Gayle – Samuels creates world record of highest partnership in ODI (372)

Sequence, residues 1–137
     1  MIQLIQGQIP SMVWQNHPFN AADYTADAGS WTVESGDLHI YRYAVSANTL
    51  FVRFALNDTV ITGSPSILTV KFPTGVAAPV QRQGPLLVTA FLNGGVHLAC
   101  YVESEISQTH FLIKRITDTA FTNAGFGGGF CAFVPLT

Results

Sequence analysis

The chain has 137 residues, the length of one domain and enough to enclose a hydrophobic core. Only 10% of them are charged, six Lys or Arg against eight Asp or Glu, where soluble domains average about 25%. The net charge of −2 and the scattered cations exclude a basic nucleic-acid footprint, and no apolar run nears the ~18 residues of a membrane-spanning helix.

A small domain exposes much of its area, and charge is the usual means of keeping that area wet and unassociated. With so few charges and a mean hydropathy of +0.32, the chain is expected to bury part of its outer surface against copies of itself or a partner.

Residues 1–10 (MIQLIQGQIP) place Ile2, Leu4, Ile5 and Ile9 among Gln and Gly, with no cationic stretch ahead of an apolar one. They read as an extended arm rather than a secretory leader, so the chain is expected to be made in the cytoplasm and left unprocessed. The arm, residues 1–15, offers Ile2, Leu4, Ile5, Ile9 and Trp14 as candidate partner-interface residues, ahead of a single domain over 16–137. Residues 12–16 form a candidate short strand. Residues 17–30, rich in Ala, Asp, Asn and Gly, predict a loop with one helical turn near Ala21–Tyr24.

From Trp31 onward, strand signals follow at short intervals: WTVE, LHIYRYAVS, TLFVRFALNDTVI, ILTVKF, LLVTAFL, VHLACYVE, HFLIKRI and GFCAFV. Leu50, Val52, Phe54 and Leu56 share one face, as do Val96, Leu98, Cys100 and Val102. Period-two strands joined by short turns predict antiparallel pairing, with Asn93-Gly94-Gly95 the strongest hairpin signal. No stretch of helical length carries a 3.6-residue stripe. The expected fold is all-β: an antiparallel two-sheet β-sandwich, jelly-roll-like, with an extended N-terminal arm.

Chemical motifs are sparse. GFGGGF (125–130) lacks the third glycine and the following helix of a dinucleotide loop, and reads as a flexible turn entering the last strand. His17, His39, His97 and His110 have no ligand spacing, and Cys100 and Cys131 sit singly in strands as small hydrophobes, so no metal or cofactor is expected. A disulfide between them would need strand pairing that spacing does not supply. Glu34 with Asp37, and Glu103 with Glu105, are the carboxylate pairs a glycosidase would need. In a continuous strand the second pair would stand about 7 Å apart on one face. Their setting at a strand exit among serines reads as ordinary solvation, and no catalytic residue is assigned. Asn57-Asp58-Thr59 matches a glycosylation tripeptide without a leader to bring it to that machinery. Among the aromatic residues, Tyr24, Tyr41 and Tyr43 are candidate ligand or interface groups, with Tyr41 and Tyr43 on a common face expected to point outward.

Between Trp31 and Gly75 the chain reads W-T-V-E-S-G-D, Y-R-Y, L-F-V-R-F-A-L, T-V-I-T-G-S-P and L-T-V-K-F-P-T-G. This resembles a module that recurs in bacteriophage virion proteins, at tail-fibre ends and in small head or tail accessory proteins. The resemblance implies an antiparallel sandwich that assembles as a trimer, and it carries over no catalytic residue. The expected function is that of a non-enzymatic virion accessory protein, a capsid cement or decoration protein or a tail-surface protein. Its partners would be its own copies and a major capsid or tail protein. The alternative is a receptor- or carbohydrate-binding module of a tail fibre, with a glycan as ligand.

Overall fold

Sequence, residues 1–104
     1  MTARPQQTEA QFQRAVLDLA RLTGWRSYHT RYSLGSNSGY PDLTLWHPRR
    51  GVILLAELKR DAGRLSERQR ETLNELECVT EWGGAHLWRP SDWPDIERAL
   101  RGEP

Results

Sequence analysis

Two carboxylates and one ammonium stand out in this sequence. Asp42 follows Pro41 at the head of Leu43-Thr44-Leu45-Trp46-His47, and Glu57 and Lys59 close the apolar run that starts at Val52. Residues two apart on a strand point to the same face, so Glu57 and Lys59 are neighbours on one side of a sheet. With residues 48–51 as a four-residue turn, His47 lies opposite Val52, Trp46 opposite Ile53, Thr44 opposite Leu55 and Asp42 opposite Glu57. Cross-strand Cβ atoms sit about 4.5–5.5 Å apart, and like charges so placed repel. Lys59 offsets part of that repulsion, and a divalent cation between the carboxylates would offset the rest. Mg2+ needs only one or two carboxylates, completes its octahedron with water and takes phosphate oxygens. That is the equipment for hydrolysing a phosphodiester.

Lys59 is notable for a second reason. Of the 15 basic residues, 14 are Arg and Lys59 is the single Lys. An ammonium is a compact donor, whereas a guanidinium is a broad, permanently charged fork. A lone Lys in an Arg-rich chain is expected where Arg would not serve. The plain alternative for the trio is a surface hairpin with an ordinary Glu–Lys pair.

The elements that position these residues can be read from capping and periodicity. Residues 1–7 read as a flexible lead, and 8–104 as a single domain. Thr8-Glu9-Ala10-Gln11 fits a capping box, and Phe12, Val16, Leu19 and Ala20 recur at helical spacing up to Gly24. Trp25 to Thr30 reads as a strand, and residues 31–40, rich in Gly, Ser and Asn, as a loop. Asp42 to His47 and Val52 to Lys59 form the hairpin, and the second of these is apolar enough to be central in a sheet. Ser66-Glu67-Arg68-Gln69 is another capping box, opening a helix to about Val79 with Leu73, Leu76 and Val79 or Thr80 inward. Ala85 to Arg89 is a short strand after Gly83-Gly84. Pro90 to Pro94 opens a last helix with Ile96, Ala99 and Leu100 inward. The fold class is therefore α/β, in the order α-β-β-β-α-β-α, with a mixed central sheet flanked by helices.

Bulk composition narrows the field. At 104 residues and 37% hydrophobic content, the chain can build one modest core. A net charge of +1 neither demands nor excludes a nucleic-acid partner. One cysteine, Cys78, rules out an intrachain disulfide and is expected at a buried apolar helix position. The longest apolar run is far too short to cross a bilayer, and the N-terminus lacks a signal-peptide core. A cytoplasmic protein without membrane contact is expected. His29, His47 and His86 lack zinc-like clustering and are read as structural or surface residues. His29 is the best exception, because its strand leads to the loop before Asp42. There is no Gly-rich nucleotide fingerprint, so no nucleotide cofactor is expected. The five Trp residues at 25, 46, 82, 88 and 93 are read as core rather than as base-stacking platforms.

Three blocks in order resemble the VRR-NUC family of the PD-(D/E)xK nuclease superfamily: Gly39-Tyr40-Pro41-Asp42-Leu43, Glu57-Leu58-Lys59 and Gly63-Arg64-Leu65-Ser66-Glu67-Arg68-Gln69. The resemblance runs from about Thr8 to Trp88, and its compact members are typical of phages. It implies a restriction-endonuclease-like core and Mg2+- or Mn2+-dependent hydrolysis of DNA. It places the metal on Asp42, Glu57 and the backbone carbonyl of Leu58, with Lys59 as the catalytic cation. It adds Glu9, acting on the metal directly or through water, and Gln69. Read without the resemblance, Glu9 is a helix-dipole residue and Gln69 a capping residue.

Chris Gayle's smashed many a record with his 147-ball 215 against Zimbabwe in the 15th match of the ICC Cricket World Cup 2015. Here is a look at all the numbers: 1st - The first World Cup double century. Previous record was Gary Kirsten's 188 not out for SA v UAE in 1996 372 - The 372 run stand is a world record for any wicket in ODI cricket, surpassing the 331 added by Sachin Tendulkar and Rahul Dravid for India against New Zealand at Hyderabad in 1999. 54 - Breaking the previous highest World Cup partnership by 54, Samuels and Gayle now hold this record as well, surpassing the 318 Dravid added with Sourav Ganguly for India against Sri Lanka at Taunton the same year. 138 - Gayle's double century came from 138 balls, the fastest in ODI history. 215 - Gayle’s 215 is also the highest score for the West Indies in ODI cricket, surpassing Viv Richards's 189 not out against England at Manchester in 1984. 400 Club - In the course of the innings, Gayle joined Shahid Afridi as the only men to hit 400 sixes in all international cricket. 16 - Gayle's 16 sixes equalled the ODI record with Rohit Sharma and AB de Villiers. However it set a new World Cup record, beating David Miller's 9-six effort earlier in this tournament. 1st - This is the first ODI double century to be scored outside the subcontinent, Gayle is the first non-Indian to score an ODI double century. 3 - He is the only player to score a century in twenty 20 internationals, a double in ODIS sand a triple in Tests!By Naman Trivedi Ahmedabad/Manuka Oval: The records didn’t just tumble at the Manuka Oval on Tuesday (February 24), they were smashed out of the park. The highest partnership in ODI history (372), putting Sachin Tendulkar and Rahul Dravid (331) in the shade. The most balls a pair has batted together (298), again displacing the same duo. The highest score in a World Cup, eclipsing Gary Kirsten’s 188 not out against United Arab Emirates in 1996. The most number of sixes in an ODI innings (16), drawing level with AB de Villiers and Rohit Sharma. Chris Gayle and Marlon Samuels came together with the scoreboard showing 0-1 after two balls. By the time Gayle was caught off a miscue on the final ball of the innings, he had galumphed his way to 215 off 147 balls. Samuels had eased to 133 from 156. The West Indies had 372 for 2, its highest ODI total. Zimbabwe, who had batted with real verve in its matches thus far, gave further proof of its ability with a spirited run chase. Sean Williams led the way with 76, and there were important contributions from Craig Ervine and Brendan Taylor as they did their best to scale the run mountain. But Jerome Taylor and Jason Holder led the way with three wickets, while Gayle chipped in with two as Zimbabwe’s pursuit of 363 in 48 overs – 20 minutes were lost to rain 2.3 overs into the innings – finished on 289, 73 runs behind (D/L method). For 35 overs with the ball, Zimbabwe had been admirably disciplined, despite taking only the one wicket. When the West Indies took the batting Power Play, it was 165 for 1. At the end of it, the batsmen had added a further 55. The final ten overs was just carnage, with Samuels joining Gayle in clubbing the bowling to all parts. Zimbabwe went to pieces, conceding 152 in that period. Gayle isn’t the kind of man to wear heart on sleeve, and there were few signs early on that he would be able to navigate a way out of a wretched run that had seen him cross 50 just once in 19 previous ODIs. He was distinctly fortunate to survive a leg-before shout from Tinashe Panyangara off the first ball he faced. It clipped both pads, and though Steve Davis gave it not out, Zimbabwe was confident enough to go for the review. But with only half the ball clipping the bails, it didn’t get the second wicket in the opening over, after Dwayne Smith had played all around one that darted back a touch. Gayle’s first four was a chip over mid-on that ballooned tantalisingly over the fielder, and it was Samuels that looked more fluent early with two powerful shots down the ground. But on a sluggish pitch, Gayle eventually found his range, scorching a cover-drive off Tendai Chatara, before flicking him for four more. Williams came on to bowl spin and was greeted with a thump over long-on and a sweep for four. Samuels, who had by then relegated himself to supporting act, should have gone when just 27, with the total on 73. But Chatara grassed a cut off Sikander Raza at backward point. The West Indies cooled off with drinks, and Gayle resumed by going on bended knee to biff Elton Chigumbura over extra cover for six. He took 51 balls for his half-century, and then took Tafadzwa Kamungozi over deep midwicket and straight down the ground for sixes. When he got to 79, he became only the second West Indian after Brian Lara to reach 9000 ODI runs, an achievement he marked by lofting Raza over long-on for six. The hundred, his first since making his 21st ODI ton against Sri Lanka in June 2013, took 105 balls, and after that there was no stopping him. He began the Power Play with a flicked six off Hamilton Masakadza and Panyangara, who had him caught off a no-ball and then the free hit that followed was treated with equal disdain. He ended the Power Play as he had begun it, with a six. It took Gayle 21 balls to go from 100 to 150 and just a further 12 to become the first double-centurion at a World Cup. It made him the first non-Indian – Sachin Tendulkar, Virender Sehwag and Rohit (twice) had already pulled off the feat – to reach that landmark in ODIs. It was also the fastest double (138 balls), besting Sehwag’s effort by two deliveries. Samuels, who had labored 95 balls for his half-century, took just another 48 for his hundred, and iced the cake with a flurry of hits to and over the rope. Zimbabwe, despite losing three wickets in the initial Power Play, never dawdled. Regis Chakabva and Masakadza were both leg before, one given after Holder called for a review, and the other wasting a review after Jerome Taylor struck him plumb in front. Raza cut and drove beautifully in a 20-ball cameo of 26 before ramping one straight to third man, leaving Taylor and Williams to resurrect the innings from the depths of 46 for 3. They did so at better than a run a ball, adding 80 before Taylor, who hit two fours and a six in his 37 (48 balls), fell. Williams was the most fluent of the Zimbabwe batsmen on view, striking some gorgeous on-drives on his way to 76 from 61 balls. But when he made a hash of a pull through midwicket, the game was as good as up. Ervine, who played some ferocious pulls, flailed away for 52 in 41 balls, but almost inevitably, it was Gayle that once again occupied centre stage. Ervine was bowled, Matsikenyeri trapped leg before, and Chigumbura smartly caught at extra cover. At various phases in the contest, Zimbaabwe had shown what it was capable of. But in the final analysis, it simply didn’t have any answers to the Gayle storm.